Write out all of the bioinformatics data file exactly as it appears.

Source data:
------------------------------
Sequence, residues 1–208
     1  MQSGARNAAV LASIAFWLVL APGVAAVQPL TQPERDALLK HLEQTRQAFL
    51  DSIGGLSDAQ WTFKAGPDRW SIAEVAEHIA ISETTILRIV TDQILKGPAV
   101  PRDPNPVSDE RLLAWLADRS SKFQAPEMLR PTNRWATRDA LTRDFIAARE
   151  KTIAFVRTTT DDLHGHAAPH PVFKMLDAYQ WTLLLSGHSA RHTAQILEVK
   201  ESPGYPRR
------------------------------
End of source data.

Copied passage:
Sequence, residues 1–208
     1  MQSGARNAAV LASIAFWLVL APGVAAVQPL TQPERDALLK HLEQTRQAFL
    51  DSIGGLSDAQ WTFKAGPDRW SIAEVAEHIA ISETTILRIV TDQILKGPAV
   101  PRDPNPVSDE RLLAWLADRS SKFQAPEMLR PTNRWATRDA LTRDFIAARE
   151  KTIAFVRTTT DDLHGHAAPH PVFKMLDAYQ WTLLLSGHSA RHTAQILEVK
   201  ESPGYPRR